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# Pick a white, then a black, then a white

## Question

Three bags contain 6 marbles each; all white or black: one bag has 5 white and 1 black, another has 4 white and 2 black, the third has 3 white and 3 black. One
white marble is drawn from one bag and one black marble is drawn from another (it is not known which bags). What is the probability of drawing a white marble from the remaining bag?

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.68 precisely.

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To solve, we need to know if the first two picks were done [a] blindly or Monte Hall entered the room, looked into a bag unknown to us and removed a white marble, then went to another bag, unknown to us, looked inside and grabbed a black marble and then handed us the third bag and asks us now to guess its contents (calculate p of drawing white).

I'm thinking we should assume it's [a] and go talk with *gulp* Professor Bayes.

In that case an acceptable paraphrase of OP is: There are three bags (as described) someone grabbed a bag and with eyes closed pulled out a marble. It turned out to be white. Then he grabbed one of the other bags and pulled out, eyes closed, another marble. It turned out to be black. Setting those bags aside, we are handed the third bag and asked to say the probability of drawing white.

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p(white) = 50/76 = 0.65789, a little less than 2/3.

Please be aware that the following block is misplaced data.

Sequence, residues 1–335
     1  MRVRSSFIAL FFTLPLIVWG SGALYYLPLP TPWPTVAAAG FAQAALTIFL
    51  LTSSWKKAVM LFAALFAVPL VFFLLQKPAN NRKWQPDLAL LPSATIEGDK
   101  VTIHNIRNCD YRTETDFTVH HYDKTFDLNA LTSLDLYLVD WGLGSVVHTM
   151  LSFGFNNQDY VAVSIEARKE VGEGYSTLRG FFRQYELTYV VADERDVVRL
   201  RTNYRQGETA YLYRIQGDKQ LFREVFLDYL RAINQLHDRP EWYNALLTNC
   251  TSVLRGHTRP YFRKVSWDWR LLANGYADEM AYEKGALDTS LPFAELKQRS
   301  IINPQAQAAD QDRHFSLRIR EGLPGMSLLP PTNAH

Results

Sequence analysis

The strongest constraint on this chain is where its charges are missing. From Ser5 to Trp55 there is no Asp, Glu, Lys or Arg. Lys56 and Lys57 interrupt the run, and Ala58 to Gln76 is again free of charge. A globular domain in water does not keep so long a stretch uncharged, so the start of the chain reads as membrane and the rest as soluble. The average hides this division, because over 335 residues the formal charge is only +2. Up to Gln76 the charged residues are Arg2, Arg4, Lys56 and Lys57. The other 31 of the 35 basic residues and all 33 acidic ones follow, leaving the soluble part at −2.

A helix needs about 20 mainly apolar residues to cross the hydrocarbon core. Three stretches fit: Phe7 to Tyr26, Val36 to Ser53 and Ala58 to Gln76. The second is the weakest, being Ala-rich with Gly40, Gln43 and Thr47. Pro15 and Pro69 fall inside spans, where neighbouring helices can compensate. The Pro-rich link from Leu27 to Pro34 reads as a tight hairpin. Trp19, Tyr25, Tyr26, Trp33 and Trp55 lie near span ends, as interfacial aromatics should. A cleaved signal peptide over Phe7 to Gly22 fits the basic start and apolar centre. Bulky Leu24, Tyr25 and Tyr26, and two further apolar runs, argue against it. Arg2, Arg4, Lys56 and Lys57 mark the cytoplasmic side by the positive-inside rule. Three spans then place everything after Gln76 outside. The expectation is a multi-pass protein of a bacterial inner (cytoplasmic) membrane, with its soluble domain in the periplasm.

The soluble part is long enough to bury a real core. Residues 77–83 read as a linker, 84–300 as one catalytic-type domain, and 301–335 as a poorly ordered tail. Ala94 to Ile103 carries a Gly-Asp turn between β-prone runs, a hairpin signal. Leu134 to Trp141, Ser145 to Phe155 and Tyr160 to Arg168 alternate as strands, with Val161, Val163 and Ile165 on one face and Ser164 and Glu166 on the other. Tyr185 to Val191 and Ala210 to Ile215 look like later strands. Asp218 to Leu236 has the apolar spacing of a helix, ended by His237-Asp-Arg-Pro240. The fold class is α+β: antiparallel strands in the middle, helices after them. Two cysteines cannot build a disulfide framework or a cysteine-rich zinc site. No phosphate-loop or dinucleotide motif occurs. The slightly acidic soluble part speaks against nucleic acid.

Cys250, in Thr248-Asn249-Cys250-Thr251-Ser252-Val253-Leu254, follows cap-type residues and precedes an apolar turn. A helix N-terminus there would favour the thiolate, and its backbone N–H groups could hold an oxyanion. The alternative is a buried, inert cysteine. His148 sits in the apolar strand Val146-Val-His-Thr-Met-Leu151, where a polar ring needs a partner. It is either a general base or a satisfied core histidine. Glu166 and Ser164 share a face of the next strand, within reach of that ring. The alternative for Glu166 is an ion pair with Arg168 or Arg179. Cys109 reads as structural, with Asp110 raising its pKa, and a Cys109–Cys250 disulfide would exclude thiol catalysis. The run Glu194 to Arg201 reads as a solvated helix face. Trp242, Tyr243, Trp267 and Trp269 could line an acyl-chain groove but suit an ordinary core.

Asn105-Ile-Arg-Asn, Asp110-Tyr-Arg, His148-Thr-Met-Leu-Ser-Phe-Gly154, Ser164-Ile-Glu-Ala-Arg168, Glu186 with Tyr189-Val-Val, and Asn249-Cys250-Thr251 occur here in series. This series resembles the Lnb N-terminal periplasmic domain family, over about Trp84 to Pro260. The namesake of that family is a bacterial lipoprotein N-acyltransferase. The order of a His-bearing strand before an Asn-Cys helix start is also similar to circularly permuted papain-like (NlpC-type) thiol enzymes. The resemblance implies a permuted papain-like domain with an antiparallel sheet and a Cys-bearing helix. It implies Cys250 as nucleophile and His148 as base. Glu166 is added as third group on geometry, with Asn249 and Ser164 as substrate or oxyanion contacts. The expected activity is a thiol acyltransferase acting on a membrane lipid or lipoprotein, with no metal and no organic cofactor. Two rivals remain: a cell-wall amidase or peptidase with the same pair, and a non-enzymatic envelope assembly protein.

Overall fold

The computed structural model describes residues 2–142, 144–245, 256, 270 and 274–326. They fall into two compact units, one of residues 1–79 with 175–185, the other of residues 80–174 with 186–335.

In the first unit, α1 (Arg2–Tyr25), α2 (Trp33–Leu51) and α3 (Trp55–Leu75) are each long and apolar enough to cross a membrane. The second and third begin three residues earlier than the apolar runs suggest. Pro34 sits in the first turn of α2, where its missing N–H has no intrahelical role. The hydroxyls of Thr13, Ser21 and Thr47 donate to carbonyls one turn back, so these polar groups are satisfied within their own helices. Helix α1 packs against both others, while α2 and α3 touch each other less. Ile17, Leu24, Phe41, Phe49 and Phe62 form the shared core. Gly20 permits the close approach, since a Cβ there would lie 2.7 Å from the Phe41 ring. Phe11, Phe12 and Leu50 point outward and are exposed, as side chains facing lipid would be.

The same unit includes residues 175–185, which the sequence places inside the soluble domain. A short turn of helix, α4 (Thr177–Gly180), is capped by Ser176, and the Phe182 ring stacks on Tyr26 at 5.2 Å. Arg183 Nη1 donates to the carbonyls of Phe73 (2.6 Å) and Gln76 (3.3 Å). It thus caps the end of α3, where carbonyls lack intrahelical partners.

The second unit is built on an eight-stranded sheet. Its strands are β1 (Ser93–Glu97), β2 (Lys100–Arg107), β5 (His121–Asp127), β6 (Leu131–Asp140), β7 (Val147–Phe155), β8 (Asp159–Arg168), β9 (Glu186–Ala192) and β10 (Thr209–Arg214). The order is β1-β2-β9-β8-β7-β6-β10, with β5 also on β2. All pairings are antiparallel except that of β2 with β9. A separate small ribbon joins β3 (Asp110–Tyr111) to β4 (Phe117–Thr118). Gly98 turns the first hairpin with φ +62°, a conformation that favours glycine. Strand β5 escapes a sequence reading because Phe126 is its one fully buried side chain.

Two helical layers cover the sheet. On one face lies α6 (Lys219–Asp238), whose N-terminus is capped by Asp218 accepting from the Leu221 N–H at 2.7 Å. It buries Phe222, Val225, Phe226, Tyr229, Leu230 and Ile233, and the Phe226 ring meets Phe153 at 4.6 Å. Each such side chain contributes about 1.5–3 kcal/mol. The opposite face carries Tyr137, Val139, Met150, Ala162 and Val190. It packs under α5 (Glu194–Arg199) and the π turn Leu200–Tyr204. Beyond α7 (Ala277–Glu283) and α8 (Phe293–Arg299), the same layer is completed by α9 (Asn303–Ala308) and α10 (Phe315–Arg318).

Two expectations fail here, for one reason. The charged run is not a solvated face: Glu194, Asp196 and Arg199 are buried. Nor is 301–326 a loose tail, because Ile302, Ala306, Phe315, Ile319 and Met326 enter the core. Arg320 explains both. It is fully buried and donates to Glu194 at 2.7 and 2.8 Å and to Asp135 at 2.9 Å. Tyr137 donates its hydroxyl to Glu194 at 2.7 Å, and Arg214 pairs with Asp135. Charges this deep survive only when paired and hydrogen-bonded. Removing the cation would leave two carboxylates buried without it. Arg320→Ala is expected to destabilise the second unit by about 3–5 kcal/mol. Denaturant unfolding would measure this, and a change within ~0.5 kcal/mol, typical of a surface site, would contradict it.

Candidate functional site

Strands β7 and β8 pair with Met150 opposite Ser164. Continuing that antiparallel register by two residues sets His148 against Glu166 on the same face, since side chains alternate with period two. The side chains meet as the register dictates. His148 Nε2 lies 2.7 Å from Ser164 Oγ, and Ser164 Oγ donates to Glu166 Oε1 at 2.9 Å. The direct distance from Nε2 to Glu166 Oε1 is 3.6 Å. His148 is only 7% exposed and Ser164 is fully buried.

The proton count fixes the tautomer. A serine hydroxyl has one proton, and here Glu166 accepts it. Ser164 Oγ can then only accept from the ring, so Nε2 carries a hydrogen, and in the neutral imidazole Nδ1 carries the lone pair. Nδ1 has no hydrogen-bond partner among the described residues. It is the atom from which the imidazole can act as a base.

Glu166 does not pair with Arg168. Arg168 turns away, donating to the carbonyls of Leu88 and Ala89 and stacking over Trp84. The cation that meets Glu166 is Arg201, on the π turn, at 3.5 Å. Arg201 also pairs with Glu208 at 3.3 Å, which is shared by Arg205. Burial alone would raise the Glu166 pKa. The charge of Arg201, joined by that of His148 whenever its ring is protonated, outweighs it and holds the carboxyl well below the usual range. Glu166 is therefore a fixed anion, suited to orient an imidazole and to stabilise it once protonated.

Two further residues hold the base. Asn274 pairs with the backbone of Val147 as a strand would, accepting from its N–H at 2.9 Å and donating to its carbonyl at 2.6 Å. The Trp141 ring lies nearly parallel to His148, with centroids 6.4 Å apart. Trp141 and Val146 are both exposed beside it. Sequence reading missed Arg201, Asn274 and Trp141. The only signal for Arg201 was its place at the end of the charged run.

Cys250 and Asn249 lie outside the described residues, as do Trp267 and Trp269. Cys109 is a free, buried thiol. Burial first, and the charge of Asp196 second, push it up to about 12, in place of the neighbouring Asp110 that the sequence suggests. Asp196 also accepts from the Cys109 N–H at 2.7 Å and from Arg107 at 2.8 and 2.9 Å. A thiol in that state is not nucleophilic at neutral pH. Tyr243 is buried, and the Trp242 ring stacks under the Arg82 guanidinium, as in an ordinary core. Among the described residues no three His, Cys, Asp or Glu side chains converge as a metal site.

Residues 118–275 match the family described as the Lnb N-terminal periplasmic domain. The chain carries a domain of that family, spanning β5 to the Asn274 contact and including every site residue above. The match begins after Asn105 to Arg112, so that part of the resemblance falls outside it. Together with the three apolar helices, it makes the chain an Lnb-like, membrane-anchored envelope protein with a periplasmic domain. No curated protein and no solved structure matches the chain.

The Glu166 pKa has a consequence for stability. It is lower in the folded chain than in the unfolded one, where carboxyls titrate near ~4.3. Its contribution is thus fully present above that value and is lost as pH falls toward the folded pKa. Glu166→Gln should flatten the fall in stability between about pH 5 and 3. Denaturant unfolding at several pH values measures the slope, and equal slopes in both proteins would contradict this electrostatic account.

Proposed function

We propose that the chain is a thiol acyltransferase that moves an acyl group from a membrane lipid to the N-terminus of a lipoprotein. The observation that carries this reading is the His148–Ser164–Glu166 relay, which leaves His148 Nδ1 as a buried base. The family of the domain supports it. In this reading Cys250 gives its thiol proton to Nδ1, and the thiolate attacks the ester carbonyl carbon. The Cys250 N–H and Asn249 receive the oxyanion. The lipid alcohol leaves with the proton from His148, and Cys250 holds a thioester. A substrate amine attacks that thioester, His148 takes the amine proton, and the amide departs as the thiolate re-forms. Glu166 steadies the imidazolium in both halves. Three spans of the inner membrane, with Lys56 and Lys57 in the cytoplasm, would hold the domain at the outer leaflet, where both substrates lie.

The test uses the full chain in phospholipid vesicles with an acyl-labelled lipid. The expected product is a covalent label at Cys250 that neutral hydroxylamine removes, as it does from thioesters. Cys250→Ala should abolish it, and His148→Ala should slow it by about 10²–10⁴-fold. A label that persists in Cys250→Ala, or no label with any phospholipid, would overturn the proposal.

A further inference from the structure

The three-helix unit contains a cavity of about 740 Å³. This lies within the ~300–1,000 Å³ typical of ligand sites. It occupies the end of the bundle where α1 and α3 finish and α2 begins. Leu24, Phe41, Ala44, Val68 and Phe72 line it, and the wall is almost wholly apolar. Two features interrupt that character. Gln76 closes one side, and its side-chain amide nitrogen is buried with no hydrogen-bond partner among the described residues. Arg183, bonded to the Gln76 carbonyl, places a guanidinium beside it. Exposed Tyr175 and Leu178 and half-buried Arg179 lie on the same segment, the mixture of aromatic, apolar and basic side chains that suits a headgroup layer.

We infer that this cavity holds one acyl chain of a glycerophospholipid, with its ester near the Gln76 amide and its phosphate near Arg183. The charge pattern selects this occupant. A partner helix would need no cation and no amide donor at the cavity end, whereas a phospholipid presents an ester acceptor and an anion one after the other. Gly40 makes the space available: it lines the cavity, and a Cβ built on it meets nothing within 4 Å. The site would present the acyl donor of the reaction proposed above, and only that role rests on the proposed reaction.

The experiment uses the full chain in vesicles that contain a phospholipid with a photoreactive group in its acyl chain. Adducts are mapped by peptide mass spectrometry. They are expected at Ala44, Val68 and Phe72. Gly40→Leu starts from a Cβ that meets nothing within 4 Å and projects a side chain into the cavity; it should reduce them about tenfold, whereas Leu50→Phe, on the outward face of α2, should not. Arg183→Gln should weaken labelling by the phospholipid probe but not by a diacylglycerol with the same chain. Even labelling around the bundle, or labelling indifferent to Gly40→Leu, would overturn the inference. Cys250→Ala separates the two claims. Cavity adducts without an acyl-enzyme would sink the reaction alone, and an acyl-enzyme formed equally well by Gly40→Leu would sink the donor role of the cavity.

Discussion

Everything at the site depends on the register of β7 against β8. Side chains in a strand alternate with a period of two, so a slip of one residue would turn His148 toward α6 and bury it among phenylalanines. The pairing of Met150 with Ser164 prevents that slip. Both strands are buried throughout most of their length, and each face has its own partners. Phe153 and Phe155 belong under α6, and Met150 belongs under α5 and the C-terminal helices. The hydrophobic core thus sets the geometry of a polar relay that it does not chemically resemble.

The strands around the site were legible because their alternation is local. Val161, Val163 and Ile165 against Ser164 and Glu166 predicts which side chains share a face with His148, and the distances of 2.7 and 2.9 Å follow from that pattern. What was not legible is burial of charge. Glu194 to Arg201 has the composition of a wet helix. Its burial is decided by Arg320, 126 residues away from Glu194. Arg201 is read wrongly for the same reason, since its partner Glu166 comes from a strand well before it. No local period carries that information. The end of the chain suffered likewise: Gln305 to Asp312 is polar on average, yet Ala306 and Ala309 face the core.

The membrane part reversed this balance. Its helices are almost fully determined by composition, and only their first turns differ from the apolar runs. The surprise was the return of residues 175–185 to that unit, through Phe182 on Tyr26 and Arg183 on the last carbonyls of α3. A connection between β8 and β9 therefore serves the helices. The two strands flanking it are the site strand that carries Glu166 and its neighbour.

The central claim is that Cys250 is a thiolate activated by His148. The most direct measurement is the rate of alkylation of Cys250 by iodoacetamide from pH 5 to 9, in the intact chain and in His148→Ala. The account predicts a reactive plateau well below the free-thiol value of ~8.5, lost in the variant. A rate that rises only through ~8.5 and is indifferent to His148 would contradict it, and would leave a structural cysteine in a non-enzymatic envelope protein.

1. The probability we are picking from Bag 1 is just
the probability the initial white and black picks were
B2B3 or B3B2 = 4/12 3/4 + 3/12 2/3 = 5/12
2. Probability we're picking from Bag 2 is
probability of W/B being taken from
B1B3 or B3B1 = 5/12 3/5 + 3/12 1/3 = 4/12
3. Prob we're picking from Bag 3 is
probability W/B were initially taken from
B1B2 or B2B1 = 5/12 2/5 + 4/12 1/4 = 3/12

The probability of picking a white from bags B1 B2 B3 = 5/6, 4/6, 3/6 respectively.

Multiplying pairwise and adding, we get the overall probability

p(white) = 5/12 5/6 + 4/12 4/6 + 3/12 3/5 = 50/76.

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p(white) = 50/76 = 0.65789, a little less than 2/3.

1. The probability we are picking from Bag 1 is just

the probability the initial white and black picks were

B2B3 or B3B2 = 4/12 3/4 + 3/12 2/3 = 5/12

2. Probability we're picking from Bag 2 is

probability of W/B being taken from

B1B3 or B3B1 = 5/12 3/5 + 3/12 1/3 = 4/12

3. Prob we're picking from Bag 3 is

probability W/B were initially taken from

B1B2 or B2B1 = 5/12 2/5 + 4/12 1/4 = 3/12

The probability of picking a white from bags B1 B2 B3 = 5/6, 4/6, 3/6 respectively.

Multiplying pairwise and adding, we get the overall probability

p(white) = 5/12 5/6 + 4/12 4/6 + 3/12 3/5 = 50/76.

The bags are picked at random but there is a flaw in your logic.

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.68 precisely.

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The probability of picking one of each color from bags 1&2 is 14/36.

The probability of picking one of each color from bags 1&3 is 18/36.
The probability of picking one of each color from bags 2&3 is 18/36.
So, by Bayes, the probability of having used bags 1&2 initially, given that one of each color was chosen is 14/50.
So, by Bayes, the probability of having used bags 1&3 initially, given that one of each color was chosen is 18/50.
So, by Bayes, the probability of having used bags 2&3 initially, given that one of each color was chosen is 18/50.
Therefore, the remaining bag is 3 with probability 14/50;
the remaining bag is 2 with probability 18/50;
the remaining bag is 1 with probability 18/50;
So, the probability of picking a white from the remaining bag is (14/50)*(1/2)+(18/50)*(2/3)+(18/50)*(5/6)
which equals .68 exactly.

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